LSE explores why HR generally failing to use analytics effectively. Agree that too often they go for large, complex and lengthy projects whilst ignoring simpler projects that would make a major difference. For example.
1) Analyse the free form text in performance and exit interviews where you'll often find the illuminating insights ignored by HR
2) Be able to access and analyse all the documents, reports, emails, letters, texts, SMS messaging to have a complete picture of past, present and predictively future employee & HR issues
3) Apply same to Health & Safety data
If insurance companies, Police and HMRC can do this across structured, semi-structured and unstructured data with 360TRetrieve why can't every enterprise and public sector organisation do so today?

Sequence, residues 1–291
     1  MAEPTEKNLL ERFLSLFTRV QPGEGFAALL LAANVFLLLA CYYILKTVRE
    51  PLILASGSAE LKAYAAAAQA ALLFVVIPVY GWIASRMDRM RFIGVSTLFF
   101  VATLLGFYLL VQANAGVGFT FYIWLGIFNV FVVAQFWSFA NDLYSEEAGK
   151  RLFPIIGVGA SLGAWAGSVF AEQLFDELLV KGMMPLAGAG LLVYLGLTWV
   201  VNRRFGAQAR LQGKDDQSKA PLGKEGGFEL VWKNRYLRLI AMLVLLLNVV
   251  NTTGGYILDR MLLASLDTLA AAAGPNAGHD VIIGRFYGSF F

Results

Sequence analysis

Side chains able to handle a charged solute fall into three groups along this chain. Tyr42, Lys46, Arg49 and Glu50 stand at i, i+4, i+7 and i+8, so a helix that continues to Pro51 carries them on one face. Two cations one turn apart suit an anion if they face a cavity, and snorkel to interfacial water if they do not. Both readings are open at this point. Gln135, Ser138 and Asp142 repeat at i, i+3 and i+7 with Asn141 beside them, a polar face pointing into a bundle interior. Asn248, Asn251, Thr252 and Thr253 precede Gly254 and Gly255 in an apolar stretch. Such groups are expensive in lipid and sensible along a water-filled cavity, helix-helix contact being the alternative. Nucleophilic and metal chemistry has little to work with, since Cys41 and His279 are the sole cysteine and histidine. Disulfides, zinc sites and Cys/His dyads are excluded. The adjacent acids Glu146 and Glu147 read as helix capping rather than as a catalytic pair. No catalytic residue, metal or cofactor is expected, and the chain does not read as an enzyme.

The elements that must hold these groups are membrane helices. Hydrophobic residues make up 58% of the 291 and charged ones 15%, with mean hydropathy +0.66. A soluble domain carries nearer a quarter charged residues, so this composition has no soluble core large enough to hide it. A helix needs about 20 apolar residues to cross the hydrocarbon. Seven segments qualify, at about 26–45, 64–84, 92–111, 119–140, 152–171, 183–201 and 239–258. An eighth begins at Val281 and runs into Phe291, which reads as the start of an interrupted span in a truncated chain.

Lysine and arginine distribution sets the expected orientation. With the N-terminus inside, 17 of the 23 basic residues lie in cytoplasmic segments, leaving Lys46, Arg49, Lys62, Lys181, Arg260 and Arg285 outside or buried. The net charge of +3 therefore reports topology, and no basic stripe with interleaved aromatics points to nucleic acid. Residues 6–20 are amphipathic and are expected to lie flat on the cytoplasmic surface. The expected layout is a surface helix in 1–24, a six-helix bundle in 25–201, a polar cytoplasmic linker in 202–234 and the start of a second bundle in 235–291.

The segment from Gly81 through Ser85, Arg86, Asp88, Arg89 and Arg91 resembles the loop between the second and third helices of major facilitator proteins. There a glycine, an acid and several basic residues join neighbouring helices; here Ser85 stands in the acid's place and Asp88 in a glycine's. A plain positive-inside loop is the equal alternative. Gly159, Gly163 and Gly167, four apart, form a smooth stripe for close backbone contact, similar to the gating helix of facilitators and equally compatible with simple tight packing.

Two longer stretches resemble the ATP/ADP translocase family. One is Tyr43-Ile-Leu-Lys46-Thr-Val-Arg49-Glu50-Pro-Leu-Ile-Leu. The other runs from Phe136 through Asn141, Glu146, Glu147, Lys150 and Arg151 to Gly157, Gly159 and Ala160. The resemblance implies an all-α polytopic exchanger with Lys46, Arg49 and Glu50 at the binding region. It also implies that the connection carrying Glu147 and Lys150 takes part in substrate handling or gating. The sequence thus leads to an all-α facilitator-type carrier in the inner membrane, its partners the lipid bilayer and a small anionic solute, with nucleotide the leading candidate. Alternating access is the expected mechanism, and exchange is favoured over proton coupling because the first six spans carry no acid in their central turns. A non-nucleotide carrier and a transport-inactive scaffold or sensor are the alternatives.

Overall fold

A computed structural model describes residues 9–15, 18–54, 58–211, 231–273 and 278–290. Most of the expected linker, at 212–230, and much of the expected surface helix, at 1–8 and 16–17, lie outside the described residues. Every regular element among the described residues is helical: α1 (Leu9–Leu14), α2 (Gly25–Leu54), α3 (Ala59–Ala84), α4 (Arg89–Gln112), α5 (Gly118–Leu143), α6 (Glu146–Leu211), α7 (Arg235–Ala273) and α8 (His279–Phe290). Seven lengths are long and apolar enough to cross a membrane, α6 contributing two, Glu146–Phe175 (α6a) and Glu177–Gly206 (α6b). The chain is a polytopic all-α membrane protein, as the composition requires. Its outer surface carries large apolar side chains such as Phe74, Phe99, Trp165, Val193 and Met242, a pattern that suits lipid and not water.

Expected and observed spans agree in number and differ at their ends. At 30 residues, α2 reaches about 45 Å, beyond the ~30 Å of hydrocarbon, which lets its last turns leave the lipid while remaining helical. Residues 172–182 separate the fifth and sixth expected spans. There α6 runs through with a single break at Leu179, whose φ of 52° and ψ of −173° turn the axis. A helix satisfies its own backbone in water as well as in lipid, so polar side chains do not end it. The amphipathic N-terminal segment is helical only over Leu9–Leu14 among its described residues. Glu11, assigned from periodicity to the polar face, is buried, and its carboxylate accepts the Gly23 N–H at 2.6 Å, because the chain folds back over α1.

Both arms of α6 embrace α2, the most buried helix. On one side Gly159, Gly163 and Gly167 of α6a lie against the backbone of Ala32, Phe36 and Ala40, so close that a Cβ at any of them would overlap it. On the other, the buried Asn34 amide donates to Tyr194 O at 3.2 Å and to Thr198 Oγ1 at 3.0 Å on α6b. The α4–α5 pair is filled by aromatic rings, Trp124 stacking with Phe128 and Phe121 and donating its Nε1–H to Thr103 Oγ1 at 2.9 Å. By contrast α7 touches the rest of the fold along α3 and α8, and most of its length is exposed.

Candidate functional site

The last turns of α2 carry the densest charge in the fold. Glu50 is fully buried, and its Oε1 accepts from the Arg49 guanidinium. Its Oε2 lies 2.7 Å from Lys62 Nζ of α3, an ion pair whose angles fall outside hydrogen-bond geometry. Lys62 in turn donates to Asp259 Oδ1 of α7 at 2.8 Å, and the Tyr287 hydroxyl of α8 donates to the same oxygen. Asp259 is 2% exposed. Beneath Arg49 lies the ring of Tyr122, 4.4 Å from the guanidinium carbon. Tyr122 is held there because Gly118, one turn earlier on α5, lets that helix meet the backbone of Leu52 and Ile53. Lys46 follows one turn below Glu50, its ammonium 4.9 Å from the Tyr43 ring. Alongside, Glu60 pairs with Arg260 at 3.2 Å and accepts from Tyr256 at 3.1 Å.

Despite the potential suggested by this example, few organisations have made much progress in developing Maersk’s level of HR analytics capabilities. Our research suggests two key reasons. First, there is a lack of understanding of analytical thinking on the part of the HR profession. Many HR professionals are motivated by an interest in people, not data. Second, this lack of understanding is being compounded by the HR analytics industry, which is focused on offering complex products for data management, storage and reporting, which consume large amounts of money and time to develop, without offering the capabilities to perform more than simple strategic analyses. Government regulation may also play a role. Maersk are headquartered in Denmark; Danish companies are required to report annually on how people contribute to value creation.